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January 2, 2005

TVs on way to local trains and buses

From: North County Times, CA - Jan 2, 2005

By: PAUL SISSON - Staff Writer

OCEANSIDE --- Televisions will soon begin appearing on local trains and buses.

For starters, the North County Transit district will install special flat-panel monitors on two of its Breeze buses and one of its Coaster trains in February to test passenger reaction to a new information system that will likely be installed on every bus and train in San Diego County.

The system, run by a company called Transit Television Network, will use sound and pictures to tell passengers what stop is next and where exactly the bus or train is on its appointed route. In addition, the system will broadcast a one-hour video loop of news, sports and other entertainment. That hour of entertainment will include 18 minutes of commercials.

The transit district will receive the equipment for free and will receive a percentage of the advertising revenue the system generates.

Brian Graham, the district's manager of operations, said the system is a cheap way for local public transportation to get automatic stop information that is useful to disabled riders --- especially those who are either deaf or blind.

"It's one less thing the driver has to worry about," Graham said.

He added that the demonstration project will be used to gauge passenger reaction to the system before it is rolled out on all of the district's buses and trains. The district's board of directors would have to vote to install the televisions systemwide.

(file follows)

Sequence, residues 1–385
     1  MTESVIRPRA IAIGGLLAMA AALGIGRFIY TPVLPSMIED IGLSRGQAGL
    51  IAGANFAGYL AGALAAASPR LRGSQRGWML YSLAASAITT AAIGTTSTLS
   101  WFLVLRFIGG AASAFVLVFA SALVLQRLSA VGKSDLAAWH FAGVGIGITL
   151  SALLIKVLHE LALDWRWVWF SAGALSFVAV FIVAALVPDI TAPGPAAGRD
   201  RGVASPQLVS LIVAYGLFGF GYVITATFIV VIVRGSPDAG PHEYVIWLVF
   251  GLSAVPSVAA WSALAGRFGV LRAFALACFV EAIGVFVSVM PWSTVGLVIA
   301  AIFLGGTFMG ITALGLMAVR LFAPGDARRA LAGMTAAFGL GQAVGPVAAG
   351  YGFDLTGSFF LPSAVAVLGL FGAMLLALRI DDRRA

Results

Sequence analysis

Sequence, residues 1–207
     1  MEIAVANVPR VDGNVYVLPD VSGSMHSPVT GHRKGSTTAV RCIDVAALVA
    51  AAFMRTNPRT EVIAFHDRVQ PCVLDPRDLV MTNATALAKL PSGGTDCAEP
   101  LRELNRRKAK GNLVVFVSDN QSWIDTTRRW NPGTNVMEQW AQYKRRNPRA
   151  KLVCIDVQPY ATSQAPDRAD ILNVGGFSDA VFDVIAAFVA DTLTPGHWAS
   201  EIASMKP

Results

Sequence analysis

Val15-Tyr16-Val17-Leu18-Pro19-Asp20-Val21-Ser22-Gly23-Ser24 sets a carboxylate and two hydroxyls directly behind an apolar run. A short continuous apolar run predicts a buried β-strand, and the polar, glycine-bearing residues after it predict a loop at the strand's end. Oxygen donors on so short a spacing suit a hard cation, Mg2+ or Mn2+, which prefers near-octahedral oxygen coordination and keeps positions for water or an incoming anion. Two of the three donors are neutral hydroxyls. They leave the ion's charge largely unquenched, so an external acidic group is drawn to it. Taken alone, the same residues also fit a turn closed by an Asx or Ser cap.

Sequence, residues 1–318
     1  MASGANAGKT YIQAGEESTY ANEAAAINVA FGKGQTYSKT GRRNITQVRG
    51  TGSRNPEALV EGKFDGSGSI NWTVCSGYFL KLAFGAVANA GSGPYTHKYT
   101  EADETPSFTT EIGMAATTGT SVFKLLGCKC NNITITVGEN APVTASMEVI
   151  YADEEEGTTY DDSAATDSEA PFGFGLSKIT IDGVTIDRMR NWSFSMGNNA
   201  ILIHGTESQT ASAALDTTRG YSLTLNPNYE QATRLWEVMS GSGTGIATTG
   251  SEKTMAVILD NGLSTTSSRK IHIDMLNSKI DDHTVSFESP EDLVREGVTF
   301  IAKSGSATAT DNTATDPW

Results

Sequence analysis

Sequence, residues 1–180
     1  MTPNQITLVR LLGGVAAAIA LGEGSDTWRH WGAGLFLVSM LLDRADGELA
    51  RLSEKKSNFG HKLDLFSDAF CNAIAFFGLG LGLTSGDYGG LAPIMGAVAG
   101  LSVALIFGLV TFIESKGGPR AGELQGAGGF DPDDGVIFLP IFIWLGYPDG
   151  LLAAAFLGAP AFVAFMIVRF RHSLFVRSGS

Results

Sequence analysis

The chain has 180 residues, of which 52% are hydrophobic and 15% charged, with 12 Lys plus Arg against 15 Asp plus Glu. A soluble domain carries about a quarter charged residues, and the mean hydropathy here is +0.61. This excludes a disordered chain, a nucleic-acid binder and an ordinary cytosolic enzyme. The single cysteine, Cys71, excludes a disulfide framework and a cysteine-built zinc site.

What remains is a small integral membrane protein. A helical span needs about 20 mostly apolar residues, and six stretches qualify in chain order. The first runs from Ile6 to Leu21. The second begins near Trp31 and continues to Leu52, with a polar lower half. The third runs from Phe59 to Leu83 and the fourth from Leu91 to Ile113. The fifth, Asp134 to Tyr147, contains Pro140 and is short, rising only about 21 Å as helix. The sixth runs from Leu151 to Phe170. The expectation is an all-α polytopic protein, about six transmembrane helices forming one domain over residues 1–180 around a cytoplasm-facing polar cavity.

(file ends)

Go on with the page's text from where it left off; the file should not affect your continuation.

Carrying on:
Passengers on buses will be able to turn down the volume on the monitors but will not be able to silence them entirely. Each Coaster train with the system installed would have the sound disabled in its last car to create a quiet zone for passengers who do not wish to be distracted by continuous updates, news briefs and advertisements.

Graham said the system could generate between $20,000 and $40,000 in revenue in its first year of operation and much more in subsequent years. He said, however, that that money would be spread among all transit districts in the county, including the much larger Metropolitan Transit System in San Diego.

At a committee meeting last week, Karen King, the district's executive director, said installing the network should not be seen as a financial windfall.

"I don't think that it should be viewed as very much of a revenue generator, because the amount of money it will generate is really pretty insignificant," King said.

She added that the system's ability to provide constant location information and next stop announcements to passengers is its true strength.

"It really is an information tool more that anything else," she said.

Other cities have already installed the Transit Television Network including: Orlando, Fla.; Milwaukee, Wis.; Chicago, Ill.; Norfolk, Va.; and Atlanta, Ga. The Los Angles transportation system is in the process of installing the system as well.

Contact staff writer Paul Sisson at (760) 901-4087 or

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